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    Fully automated edits without BRFA - Request for assistance[edit]

    I recently came across a large number of automated edits (10,000+) made in October by NmWTfs85lXusaybq without a BRFA (as far as I am aware and can see). I disagree with the edits, for reasons including the ones I posted on their talk page. I don't mean to inflame the situation by posting here, but I feel that I'm somewhat out of my depths regarding knowing what the best thing to do here is, and that input from editor(s) more experienced in this area and/or the Bot Approvals Group would be beneficial, including with regards to the best next steps.

    Let me know if there are any queries. All the best, ‍—‍a smart kitten[meow] 13:11, 3 January 2024 (UTC)[reply]

    Judging from Special:Contributions/NmWTfs85lXusaybq, these edits are ongoing. Seems like an easy case of WP:BOTBLOCK for running an unapproved bot. Headbomb {t · c · p · b} 20:40, 4 January 2024 (UTC)[reply]
    Warning left on the initial thread. Primefac (talk) 20:45, 4 January 2024 (UTC)[reply]
    Warning deleted, it looks like. –Novem Linguae (talk) 01:11, 5 January 2024 (UTC)[reply]
    Per WP:OWNTALK. NmWTfs85lXusaybq (talk) 01:49, 5 January 2024 (UTC)[reply]
    @NmWTfs85lXusaybq can you commit to not doing these edits without a BRFA? Galobtter (talk) 01:56, 5 January 2024 (UTC)[reply]
    Sure. NmWTfs85lXusaybq (talk) 01:59, 5 January 2024 (UTC)[reply]
    I'm cautious to suggest too much in this discussion, as there are other editors (who are much more experienced regarding bots than me) who may well have better ideas of what the next steps in this situation should be. However, I'd like to make an initial proposal that the edits I initially raised concerns about, defined as:

    Edits (including pagemoves) made by NmWTfs85lXusaybq between 17 October 2023 and 24 October 2023 (inclusive) that are tagged with [paws 2.2] (OAuth CID: 4664)

    be rolled back. This is due to the concerns I described on their talk page[a], and due to them being automated edits run without bot approval or consensus for the task. By my estimation, this is between 24,000-26,000 edits that would be reverted. (I would be happy to submit a BRFA to accomplish this on a bot account, using massRollback.js & a slightly modified massMoveRevert.js.)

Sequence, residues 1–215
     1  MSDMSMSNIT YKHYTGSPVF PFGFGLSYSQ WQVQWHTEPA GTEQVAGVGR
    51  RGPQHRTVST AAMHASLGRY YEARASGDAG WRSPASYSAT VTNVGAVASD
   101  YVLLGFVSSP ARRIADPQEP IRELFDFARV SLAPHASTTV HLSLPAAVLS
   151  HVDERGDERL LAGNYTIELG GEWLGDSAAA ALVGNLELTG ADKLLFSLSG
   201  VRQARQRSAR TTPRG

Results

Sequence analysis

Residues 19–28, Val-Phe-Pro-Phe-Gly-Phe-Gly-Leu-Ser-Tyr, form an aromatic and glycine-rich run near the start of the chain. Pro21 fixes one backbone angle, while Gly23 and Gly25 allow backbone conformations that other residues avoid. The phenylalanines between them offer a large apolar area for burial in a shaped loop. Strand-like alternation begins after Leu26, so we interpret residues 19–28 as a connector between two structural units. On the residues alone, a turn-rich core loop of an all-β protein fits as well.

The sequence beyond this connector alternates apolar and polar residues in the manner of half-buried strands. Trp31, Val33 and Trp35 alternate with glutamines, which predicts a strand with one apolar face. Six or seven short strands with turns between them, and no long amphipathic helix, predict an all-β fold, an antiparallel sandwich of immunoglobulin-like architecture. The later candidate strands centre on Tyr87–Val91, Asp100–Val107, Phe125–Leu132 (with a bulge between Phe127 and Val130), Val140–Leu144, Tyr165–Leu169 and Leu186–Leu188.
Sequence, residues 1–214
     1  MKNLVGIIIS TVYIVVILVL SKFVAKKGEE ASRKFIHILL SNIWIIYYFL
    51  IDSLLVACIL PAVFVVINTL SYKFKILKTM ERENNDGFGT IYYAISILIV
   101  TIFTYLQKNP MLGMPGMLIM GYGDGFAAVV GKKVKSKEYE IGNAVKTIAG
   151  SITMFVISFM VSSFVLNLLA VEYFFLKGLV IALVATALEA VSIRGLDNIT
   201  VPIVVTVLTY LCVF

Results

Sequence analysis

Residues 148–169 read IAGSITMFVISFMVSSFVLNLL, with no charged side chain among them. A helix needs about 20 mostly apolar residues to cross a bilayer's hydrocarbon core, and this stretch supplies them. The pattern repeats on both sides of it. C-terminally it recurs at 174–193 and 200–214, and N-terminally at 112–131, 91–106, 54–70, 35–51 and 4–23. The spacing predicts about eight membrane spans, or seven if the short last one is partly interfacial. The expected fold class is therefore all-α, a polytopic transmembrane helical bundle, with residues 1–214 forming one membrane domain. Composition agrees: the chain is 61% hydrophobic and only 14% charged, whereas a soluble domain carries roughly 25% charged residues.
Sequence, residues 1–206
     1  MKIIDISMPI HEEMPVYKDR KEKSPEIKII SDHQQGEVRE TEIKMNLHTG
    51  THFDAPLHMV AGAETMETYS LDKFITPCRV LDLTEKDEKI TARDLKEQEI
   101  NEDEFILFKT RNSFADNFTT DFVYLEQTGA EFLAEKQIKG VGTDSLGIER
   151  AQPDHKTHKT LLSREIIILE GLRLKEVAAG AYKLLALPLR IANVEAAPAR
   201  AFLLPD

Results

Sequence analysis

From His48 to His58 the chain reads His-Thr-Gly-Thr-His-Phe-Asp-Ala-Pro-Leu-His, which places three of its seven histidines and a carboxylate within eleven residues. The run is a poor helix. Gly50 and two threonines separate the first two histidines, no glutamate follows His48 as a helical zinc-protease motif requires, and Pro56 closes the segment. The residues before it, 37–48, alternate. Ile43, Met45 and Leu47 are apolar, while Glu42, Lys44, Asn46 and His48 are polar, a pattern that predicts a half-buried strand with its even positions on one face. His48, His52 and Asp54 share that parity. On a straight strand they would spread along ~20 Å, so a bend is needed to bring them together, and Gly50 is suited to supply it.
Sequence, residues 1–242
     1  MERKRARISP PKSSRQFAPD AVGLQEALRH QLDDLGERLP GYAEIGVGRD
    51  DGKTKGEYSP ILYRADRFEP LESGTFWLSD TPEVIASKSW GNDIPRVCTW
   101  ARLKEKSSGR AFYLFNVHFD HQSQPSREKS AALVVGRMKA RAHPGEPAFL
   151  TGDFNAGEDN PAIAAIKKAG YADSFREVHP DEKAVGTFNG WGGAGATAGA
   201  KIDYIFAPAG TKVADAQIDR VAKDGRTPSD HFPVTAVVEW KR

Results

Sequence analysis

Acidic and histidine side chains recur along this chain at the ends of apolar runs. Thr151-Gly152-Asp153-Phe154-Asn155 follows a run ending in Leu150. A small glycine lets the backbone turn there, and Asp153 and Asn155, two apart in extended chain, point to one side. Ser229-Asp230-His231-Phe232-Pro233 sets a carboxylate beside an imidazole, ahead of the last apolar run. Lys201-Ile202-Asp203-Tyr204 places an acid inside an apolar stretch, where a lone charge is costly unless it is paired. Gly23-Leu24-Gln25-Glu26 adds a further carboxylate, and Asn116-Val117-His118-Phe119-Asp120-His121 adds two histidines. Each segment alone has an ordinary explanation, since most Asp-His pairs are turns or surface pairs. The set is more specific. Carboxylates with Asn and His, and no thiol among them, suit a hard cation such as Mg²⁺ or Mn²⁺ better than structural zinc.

I'd also ask if NmWTfs85lXusaybq would mind listing the automated tasks/bot runs that they have previously run on their account, so that they can be retrospectively assessed by the community & the Bot Approvals Group. If there are concerns raised with any of the other automated edits, further proposals (such as the above) can be made.
    Everything I've just said, however, comes with the caveat that I am not as experienced in bot matters as other editors, so I will likely defer to members of the BAG if they have any other suggestions and/or take issue with any of what I've said.
    All the best, ‍—‍a smart kitten[meow] 16:56, 6 January 2024 (UTC)[reply]
    I support the idea to roll these edits back (not a vote obvi I just really don't like this), though I'm not a bot-experienced editor, there's really no reason to do this and it makes everything far more confusing. PARAKANYAA (talk) 23:38, 6 January 2024 (UTC)[reply]
    Mass rolling back did come to mind when I saw what was being done. I would support it too. Headbomb {t · c · p · b} 01:31, 7 January 2024 (UTC)[reply]
    I support this but I would limit it to the edits from October 20-24; the October 17-19 edits are useful and not worth reverting IMO. * Pppery * it has begun... 03:00, 8 January 2024 (UTC)[reply]
    To expand on my view of why the Oct 17-19 edits are worth reverting; in my opinion, it’s unhelpful to mass-redirect talk pages of redirects to the talk pages of the target articles. Talk pages of redirects can be useful for discussing the redirects themselves, in addition to (for example) recording previous RfD discussion results. For this reason, I don’t support doing so generally as a blanket measure - without individual consideration as to whether the action is appropriate. (The exception to this is that I support redirecting talk pages in the case of an {{R from move}}, where someone that follows a link to the pre-move article talk page will rightly expect to end up at the current location of the article’s talk page). I also note that WP:TALKCENT says that an editor wishing to implement centralized talk pages should consider first gaining consensus for [the] proposal, which presumably would apply even more so to a mass-centralization such as this; especially when I can’t find a record that existing wider community consensus for such centralization exists. However - to be clear - if consensus is against me on the 17-19 Oct edits being reverted, it is not a problem, and I would still be happy to submit a BRFA to revert the others. All the best, ‍—‍a smart kitten[meow] 14:18, 9 January 2024 (UTC)[reply]
    I was quite aware of WP:TALKCENT when I did this task. I will never argue that the talk pages of redirects are useless. However, my point is a talk page can't be useful if it's intentionally blanked, no matter if it's associated with a redirect or an article (that's why I moved or tagged the empty talk pages of articles as well). Any empty talk page of redirects doesn't deserve a {{tpr}} tag per Template:Talk_page_of_redirect/doc#Misuse. Moreover, the task of Oct 17-19 edits is the most thanked one without any objection before this thread. NmWTfs85lXusaybq (talk) 14:55, 9 January 2024 (UTC)[reply]
    I disagree with you on the principle - I think a talk page of a redirect should point to the talk page of its target unless there's a good reason otherwise, but regardless the October 17-19 edits replaced blank pages with redirects - I'm completely failing to see how re-blanking them could possibly be an improvement. * Pppery * it has begun... 16:01, 9 January 2024 (UTC)[reply]